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Journal Of Respiratory Diseases

Journal Of Respiratory Diseases

Actinomyces odontolyticus is
a rare cause of pleuropericardial
infection, with only 1 case
identified in the literature. In
that instance, the infection
was believed to be secondary
to gastric surgery. We present a
patient with pericarditis and
pericardial tamponade caused
by
A odontolyticus. The infection
occurred after an ultrasound-
guided subcarinal
bronchoscopic needle biopsy
performed for a suspicious mediastinal
mass found on a CT
scan of the chest. We describe
the case presentation, the microbiology
and treatment of A
odontolyticus infection, and
the classic features of pericarditis
and cardiac tamponade.

ABSTRACT: Patients with obstructive sleep apnea (OSA) are at increased
risk for motor vehicle crashes as a result of excessive
sleepiness. However, a number of factors complicate risk assessment.
For example, self-reported sleepiness and the severity
of OSA do not appear to be good predictors of accident risk.
Many persons with OSA do not accurately perceive their level
of drowsiness-self-reported sleepiness does not correlate well
with objective measures, such as results of the Multiple Sleep
Latency Test. Moreover, it is not clear whether objective tests
can reliably predict accident risk in the real world, as opposed
to during simulated driving. The indications for-and benefits
of-restricting driving in patients with OSA have not been established.
However, there is good evidence that the use of continuous
positive airway pressure significantly reduces the risk
of crashes in these patients. (J Respir Dis. 2008;29(12):459-464)

•Coccidioides species, the cause of coccidioidomycosis, are endemic to the desert soils of the southwestern United States as well as northern Mexico and limited areas of Central and South America. The organisms can become airborne with disruption of the soil, either through natural causes or activities of humans or animals. Nearly all Coccidioides infections are acquired through the inhalation of airborne arthroconidia (spores).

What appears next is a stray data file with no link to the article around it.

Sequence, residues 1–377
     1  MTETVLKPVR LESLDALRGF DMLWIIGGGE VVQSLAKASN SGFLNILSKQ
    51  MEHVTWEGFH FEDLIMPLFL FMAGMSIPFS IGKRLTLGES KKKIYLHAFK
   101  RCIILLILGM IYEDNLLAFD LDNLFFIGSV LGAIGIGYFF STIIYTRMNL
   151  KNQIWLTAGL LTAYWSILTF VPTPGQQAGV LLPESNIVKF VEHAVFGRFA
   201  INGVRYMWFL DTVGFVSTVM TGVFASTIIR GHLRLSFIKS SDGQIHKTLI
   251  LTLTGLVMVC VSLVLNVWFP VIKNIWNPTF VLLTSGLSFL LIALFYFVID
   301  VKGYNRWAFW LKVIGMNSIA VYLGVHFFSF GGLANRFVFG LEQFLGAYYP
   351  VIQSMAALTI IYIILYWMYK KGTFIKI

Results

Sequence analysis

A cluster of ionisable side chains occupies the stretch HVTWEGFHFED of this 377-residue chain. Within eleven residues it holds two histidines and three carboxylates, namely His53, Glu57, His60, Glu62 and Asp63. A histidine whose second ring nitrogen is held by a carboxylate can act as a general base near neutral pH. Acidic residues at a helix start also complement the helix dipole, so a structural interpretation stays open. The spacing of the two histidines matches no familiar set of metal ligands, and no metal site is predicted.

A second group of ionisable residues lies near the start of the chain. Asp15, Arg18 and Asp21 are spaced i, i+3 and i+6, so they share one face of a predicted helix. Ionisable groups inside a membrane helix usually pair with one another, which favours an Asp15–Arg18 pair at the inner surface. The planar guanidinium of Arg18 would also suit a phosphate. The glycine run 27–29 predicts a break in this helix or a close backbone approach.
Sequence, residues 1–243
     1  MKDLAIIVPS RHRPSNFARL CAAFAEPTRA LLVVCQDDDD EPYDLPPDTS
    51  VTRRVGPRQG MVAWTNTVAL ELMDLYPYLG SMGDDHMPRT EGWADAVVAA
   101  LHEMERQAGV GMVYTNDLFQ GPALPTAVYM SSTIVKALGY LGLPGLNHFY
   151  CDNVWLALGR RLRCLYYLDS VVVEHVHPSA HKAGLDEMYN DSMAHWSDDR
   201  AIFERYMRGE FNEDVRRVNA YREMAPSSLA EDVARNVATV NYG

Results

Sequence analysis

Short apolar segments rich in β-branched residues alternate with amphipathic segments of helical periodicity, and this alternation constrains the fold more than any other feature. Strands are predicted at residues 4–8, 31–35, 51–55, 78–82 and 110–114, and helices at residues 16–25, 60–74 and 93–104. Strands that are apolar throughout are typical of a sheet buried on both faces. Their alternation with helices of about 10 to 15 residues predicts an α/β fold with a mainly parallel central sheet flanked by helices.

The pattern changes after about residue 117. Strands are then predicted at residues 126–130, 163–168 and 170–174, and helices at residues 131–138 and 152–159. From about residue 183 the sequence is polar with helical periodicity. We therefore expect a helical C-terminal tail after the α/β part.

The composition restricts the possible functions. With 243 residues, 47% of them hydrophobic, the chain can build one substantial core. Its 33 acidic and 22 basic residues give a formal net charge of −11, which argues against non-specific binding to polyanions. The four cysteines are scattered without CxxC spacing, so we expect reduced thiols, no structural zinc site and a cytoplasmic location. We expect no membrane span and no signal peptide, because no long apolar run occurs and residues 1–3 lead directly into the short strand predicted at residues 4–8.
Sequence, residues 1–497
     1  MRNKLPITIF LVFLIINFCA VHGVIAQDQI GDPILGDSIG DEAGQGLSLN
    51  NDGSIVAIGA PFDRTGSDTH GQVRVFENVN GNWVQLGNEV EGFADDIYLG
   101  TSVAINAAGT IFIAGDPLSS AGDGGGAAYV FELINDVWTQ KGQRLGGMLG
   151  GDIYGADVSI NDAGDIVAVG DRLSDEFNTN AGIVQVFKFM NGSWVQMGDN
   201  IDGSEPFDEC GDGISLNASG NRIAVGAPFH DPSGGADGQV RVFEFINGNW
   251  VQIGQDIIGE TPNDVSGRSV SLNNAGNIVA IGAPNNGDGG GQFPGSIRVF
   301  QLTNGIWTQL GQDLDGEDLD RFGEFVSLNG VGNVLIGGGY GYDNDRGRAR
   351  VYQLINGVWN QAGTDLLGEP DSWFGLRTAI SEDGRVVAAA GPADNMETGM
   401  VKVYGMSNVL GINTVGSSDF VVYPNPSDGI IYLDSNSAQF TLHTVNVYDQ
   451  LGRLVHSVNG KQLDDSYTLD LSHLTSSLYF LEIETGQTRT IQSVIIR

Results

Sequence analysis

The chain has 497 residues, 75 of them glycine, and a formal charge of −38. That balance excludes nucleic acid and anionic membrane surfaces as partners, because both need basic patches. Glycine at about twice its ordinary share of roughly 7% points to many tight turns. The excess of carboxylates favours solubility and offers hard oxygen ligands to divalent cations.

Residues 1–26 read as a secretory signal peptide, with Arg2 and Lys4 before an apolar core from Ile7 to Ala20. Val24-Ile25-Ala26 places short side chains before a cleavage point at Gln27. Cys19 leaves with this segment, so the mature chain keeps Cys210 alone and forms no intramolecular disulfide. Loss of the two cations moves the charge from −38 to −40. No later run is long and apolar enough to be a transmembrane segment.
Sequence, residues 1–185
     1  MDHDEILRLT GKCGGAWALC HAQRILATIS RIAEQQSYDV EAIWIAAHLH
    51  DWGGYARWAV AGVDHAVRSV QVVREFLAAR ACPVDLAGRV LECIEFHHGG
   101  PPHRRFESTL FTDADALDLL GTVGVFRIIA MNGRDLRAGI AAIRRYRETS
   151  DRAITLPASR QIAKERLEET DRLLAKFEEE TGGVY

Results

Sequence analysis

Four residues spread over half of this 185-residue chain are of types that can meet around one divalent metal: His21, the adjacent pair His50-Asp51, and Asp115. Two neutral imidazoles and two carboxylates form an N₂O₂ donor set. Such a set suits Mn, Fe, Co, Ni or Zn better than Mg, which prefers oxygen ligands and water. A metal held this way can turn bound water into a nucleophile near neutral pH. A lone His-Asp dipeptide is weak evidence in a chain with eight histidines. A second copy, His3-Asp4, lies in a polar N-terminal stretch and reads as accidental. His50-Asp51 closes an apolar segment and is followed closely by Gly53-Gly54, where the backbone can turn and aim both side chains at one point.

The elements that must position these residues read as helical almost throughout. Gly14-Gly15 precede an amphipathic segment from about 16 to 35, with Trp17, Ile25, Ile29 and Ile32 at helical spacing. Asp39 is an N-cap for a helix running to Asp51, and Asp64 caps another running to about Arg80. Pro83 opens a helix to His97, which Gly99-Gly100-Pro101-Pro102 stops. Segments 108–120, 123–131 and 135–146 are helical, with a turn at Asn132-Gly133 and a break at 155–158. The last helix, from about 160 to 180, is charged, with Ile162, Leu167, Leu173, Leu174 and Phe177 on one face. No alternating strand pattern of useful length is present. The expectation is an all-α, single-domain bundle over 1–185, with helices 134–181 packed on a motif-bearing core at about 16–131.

ABSTRACT: Flexible bronchoscopy was clinically introduced by
Shigeto Ikeda in 1968 and is now used widely for diagnostic
and therapeutic interventions. A combination of advancing
technology and ingenuity has fostered the development of an
expanded array of devices and applications. The newer video
bronchoscopes offer higher-resolution images than fiberoptic
bronchoscopes. The advantages of fiberoptic technology are
lower cost and greater technical ease of adapting to smallerdiameter
bronchoscopes. Hybrid bronchoscopes have an imaging
lens and fiberoptic bundles that transmit the viewing
image to a charge couple device (CCD) chip in the body of the
operator end of the bronchoscope. The digital image is transmitted
from the CCD chip to the external processor for viewing
on a monitor, for digital storage, or for printing. (J Respir Dis.
2008;29(11):423-428)

Endobronchial primary synovial
sarcoma is an extremely
rare pulmonary tumor. We report
the case of a 58-yearold
man who presented with
a right-sided endobronchial
mass, which was diagnosed as
primary synovial sarcoma on
the basis of histological appearance
and immunohistochemical
staining. To the best
of our knowledge, this is only
the third case report of endobronchial
primary synovial
sarcoma.

ABSTRACT: Pulmonary arterial hypertension (PAH) is an increasingly
recognized cause of dyspnea in elderly patients. The
initial workup typically includes electrocardiography, chest radiography,
echocardiography, and pulmonary function tests. If
echocardiography shows signs of PAH, the diagnosis should be
confirmed by right heart catheterization. Radiographic evidence
of long-standing PAH includes enlargement of the central
pulmonary arteries with abrupt narrowing of the more distal
branches, giving a "pruned-tree" appearance, and right ventricular
(RV) enlargement. The classic radiographic signs of RV
enlargement include increased transverse diameter of the
heart, elevation of the cardiac border on the posteroanterior
view, and narrowing or loss of the retrosternal airspace on the
lateral projection. (J Respir Dis. 2008;29(11):443-450)

We describe a patient with intravascular
pulmonary lymphoma
who presented with
progressive dyspnea and hypoxemia
with normal chest radiographic
findings. After an
unrevealing noninvasive evaluation,
a high-grade B-cell
intravascular lymphoma was
diagnosed by bronchoscopy
with transbronchial biopsy.
Treatment with a modified
CHOP regimen resulted in resolution
of the patient’s hypoxemia
and exercise limitation.
Although intravascular pulmonary
lymphoma rarely presents
with pulmonary symptoms,
it should be considered
in the differential diagnosis of
patients presenting with hypoxemia
and normal chest radiographic
findings.

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